After his wife's death, the Major took a little holiday abroad, and renewed his acquaintance with a widow he had met during the war, Marion Gale. The two discussed the possibility of marriage.
The only cloud in the Major's now-sunny sky was an unpleasant business complication. He and Hay's only other solicitor, Oswald Martin, were representing the two parties in a land deal. Various complications arose, and Martin became increasingly impatient. After about a year had passed, he finally declared the contract broken, and insisted that Armstrong's client return the down payment he had received.
Martin received an anonymously sent box of chocolates. The postmark was illegible. He and his wife appear to have never heard that old truism about never taking candy from strangers. They cheerfully put the chocolates out for guests at a dinner party. One of those guests ate the candy, and she became quite ill afterwards.
A few weeks after this incident, the Major invited Martin to tea. Over the meal, Armstrong picked up a buttered scone and placed it on Martin's plate. "Please excuse fingers," he smiled.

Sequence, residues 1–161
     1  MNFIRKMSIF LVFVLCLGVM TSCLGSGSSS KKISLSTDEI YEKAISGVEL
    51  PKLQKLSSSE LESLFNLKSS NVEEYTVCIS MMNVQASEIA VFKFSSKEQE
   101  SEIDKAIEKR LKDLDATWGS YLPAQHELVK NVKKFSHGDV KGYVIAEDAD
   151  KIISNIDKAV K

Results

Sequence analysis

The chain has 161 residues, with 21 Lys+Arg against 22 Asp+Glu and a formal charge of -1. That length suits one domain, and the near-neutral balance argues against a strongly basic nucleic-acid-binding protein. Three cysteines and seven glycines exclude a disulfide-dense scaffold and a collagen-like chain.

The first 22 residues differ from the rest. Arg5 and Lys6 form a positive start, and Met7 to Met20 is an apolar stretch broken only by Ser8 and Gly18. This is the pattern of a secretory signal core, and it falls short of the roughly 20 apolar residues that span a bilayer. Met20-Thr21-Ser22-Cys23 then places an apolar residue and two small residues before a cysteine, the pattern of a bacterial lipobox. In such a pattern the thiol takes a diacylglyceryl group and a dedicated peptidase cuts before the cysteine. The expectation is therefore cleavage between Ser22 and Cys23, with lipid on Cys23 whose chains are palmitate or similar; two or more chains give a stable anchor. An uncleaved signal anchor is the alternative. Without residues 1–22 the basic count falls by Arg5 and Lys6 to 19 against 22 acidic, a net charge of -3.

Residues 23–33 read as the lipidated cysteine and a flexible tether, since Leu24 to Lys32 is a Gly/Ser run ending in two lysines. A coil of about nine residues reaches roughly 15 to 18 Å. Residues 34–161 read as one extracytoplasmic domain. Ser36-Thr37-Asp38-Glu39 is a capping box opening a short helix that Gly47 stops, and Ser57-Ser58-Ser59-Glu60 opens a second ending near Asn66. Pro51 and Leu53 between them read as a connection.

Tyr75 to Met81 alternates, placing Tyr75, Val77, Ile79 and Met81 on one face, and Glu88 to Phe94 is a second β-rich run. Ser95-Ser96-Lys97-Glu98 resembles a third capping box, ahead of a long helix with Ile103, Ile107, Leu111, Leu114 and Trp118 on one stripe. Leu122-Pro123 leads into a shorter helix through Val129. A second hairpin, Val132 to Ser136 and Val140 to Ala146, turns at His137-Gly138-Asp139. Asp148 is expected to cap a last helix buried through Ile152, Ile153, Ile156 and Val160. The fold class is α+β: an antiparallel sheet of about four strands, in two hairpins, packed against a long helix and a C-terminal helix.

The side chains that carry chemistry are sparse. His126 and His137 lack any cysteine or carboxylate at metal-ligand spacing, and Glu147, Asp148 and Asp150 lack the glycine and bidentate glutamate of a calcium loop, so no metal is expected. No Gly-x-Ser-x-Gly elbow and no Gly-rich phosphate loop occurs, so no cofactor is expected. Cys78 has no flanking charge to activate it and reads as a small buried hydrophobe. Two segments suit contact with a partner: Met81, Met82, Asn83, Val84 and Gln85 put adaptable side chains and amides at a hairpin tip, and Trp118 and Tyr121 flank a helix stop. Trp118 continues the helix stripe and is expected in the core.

Martin ate the scone, drank some tea, smoked a cigarette, and, after some innocuous small talk with the Major, went home. That night, he became extremely ill.
After Martin recuperated, he had a talk with his father-in-law, Fred Davies. Davies was a chemist--the same chemist, in fact, who sold the Major arsenic. Although Martin's doctor had diagnosed him as having stomach flu, Davies insisted he had been poisoned. Davies had Martin's vomit analyzed, as well as the remaining chocolates he had received. Both were found to contain arsenic.
Law enforcement was contacted. Scotland Yard agreed that there were grounds for suspicion, but they said they needed to proceed carefully. After all, Major Armstrong was a respected lawyer, a Freemason, a popular pillar of his community. He was not the sort of man one heedlessly accused of being a serial poisoner. They promised to investigate the matter. In the meantime, they advised Martin to decline any more of Armstrong's invitations to tea.